Which one of these transformer RMS equations is correct?

In the textbook Power Electronics Devices, Circuits & Applications 4/E by M.H. Rashid, chapter 3, page 108, I found two conflicting equations which made me really confused. The equations are indicated with yellow highlighter below:

Which one of these equations is correct? I am utterly confused by many other equations as well; the book doesn't seem to be very consistent.

• The second one is correct. I don't know the book but, by the looks of this, they are quite liberal in mixing numbers, which is not only not consistent, but potentially confusing. Either use 0.707 and 1.41 consistently, or $\sqrt2$ and $1/\sqrt2$ (or $\sqrt2^{-1}$, or $2^{-0.5}$). Maybe it's time to grab a different book? Commented Nov 15, 2022 at 8:04

That is a pretty confusing book and his definitions of efficiency etc. are quite idiosyncratic. If you're not forced to use it, maybe find another. Things like:

Diodes are extensively used in rectifiers.

He considers an ideal rectifier as a kind of a magic box that would convert AC into smooth DC while acting as a resistive load at the input.

This stuff may well be self-consistent, and it gets some useful results, but the terminology is strange and probably won't match up with other references.

I believe both equations are true, but are referring to different things. In the case of considering the entire center-tapped transformer winding the RMS current of each half is 0.707 of the total (since each delivers half the power and power is proportional to current squared) . Therefore we have $$\(0.707)^2\cdot V_M/R\$$ = 0.5Vm/R. This is important when we are looking at the transformer utilization.

Figure from the book:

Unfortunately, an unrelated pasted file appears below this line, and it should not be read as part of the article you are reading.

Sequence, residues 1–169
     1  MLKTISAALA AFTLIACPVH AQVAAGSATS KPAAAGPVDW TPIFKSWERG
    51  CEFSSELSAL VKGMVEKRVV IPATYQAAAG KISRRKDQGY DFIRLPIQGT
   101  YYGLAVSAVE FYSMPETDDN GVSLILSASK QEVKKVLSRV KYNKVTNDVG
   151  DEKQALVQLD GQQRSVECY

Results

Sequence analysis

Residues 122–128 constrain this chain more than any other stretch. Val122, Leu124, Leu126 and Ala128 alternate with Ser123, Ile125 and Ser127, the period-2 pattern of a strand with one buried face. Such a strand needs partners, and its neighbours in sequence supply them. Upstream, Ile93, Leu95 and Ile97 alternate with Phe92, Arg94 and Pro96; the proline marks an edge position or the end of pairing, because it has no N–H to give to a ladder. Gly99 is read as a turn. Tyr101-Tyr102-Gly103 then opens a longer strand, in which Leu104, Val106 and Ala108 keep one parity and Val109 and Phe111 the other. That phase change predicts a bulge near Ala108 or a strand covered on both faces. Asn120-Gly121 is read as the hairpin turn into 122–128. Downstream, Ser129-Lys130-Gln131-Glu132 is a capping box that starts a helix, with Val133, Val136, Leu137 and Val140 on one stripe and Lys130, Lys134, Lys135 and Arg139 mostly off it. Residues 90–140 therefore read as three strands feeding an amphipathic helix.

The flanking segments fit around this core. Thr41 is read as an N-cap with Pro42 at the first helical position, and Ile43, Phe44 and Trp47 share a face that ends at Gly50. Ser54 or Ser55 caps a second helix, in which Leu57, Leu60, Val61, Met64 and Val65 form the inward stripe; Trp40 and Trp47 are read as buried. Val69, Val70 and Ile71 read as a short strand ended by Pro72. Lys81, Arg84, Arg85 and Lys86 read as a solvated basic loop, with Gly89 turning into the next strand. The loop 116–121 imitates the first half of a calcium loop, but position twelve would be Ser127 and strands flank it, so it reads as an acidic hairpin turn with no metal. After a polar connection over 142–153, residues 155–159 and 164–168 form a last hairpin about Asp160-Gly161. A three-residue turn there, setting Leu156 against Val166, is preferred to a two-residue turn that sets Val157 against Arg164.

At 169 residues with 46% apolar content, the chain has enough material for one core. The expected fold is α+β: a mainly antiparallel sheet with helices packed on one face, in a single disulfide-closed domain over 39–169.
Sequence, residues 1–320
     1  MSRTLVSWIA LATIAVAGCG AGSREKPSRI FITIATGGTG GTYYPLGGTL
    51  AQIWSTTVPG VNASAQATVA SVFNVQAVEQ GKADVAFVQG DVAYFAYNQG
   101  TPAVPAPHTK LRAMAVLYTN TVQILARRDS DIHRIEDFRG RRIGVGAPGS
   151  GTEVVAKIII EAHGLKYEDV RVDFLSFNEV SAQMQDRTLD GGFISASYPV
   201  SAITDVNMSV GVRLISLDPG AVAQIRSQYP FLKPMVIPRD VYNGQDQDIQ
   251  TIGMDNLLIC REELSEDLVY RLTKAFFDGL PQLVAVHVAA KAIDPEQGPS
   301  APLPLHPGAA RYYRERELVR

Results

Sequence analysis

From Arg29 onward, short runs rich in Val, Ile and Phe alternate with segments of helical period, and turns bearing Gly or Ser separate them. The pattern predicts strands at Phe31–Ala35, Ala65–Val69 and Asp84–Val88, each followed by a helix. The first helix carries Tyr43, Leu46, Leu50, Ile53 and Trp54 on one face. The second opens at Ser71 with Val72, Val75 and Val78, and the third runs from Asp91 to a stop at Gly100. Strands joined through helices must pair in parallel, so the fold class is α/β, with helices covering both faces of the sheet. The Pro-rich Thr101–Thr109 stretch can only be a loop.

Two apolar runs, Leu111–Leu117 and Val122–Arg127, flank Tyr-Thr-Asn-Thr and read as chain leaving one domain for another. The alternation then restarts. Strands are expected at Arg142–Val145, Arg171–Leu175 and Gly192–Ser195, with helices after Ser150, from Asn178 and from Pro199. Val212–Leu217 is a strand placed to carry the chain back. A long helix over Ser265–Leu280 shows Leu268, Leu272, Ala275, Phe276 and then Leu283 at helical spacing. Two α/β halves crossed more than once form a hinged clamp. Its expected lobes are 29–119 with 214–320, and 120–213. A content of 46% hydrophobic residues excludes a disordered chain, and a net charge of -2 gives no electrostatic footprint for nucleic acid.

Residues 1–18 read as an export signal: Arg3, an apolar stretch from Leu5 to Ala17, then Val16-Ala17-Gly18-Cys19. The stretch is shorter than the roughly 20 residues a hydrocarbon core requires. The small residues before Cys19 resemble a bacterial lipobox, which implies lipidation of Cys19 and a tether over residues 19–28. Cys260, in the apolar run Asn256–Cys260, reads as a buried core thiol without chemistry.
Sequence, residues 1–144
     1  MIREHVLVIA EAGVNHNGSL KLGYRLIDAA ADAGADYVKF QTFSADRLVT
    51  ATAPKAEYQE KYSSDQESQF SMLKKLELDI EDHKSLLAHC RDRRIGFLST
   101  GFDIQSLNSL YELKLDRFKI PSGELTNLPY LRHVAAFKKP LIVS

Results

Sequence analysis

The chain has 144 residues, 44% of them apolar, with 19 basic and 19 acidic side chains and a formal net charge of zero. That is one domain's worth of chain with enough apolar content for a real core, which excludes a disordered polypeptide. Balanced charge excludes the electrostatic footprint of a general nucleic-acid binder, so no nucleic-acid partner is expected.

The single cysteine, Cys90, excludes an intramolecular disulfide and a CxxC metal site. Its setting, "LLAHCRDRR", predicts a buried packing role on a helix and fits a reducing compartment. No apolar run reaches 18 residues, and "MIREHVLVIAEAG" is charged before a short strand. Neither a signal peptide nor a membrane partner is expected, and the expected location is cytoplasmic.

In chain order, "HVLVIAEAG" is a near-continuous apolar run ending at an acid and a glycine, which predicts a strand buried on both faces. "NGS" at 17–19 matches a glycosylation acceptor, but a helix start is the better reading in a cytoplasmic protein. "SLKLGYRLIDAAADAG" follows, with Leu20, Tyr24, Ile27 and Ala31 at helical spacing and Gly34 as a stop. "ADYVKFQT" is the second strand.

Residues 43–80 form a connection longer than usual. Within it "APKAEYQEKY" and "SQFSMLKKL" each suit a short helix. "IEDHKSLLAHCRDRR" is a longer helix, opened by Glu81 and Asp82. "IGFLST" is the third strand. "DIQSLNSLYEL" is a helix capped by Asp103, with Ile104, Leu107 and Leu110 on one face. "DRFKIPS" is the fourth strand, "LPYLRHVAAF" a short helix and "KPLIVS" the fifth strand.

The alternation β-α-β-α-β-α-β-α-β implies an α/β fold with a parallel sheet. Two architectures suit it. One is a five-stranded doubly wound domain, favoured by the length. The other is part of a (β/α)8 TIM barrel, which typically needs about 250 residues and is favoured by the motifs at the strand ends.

• I forgot about this case but, in my defence, the example in the OP is not very clear on it and only references equations, not figures (from what I see). Also, using the same Is for both definitions is not helpful, either. Commented Nov 15, 2022 at 22:16
• @aconcernedcitizen Yes, it's poorly explained and without pulling the actual book up (which took some doing) I would have written the same comment if you hadn't gotten there first. The author strikes me as brilliant but the odd terminology suggests an alien education, maybe a power systems engineer educated in the former USSR would find it familiar. Commented Nov 16, 2022 at 1:59
• The author did his masters and PhD in the University of Birmingham. :-) Commented Nov 16, 2022 at 5:20
0.5 is the square of 0.707. So it looks like an editorial mistake (i.e. wrong number has been copied/taken) instead of a technical one but led to a grave mistake. The one marked on item f is correct.
Also, I can't understand why the transformer's VA rating is taken as $$\P_A=\sqrt2 \ V_s \ I_s \$$ instead of $$\ P_A= V_s \ I_s \$$ where $$\V_s\$$ and $$\I_s\$$ are RMS voltage and current, respectively. At item d the authors define the RMS voltage and current so RMS volts and currents are involved, but it's unclear where that $$\\sqrt2\$$ came from. The definition has no $$\\sqrt2\$$ factor, normally.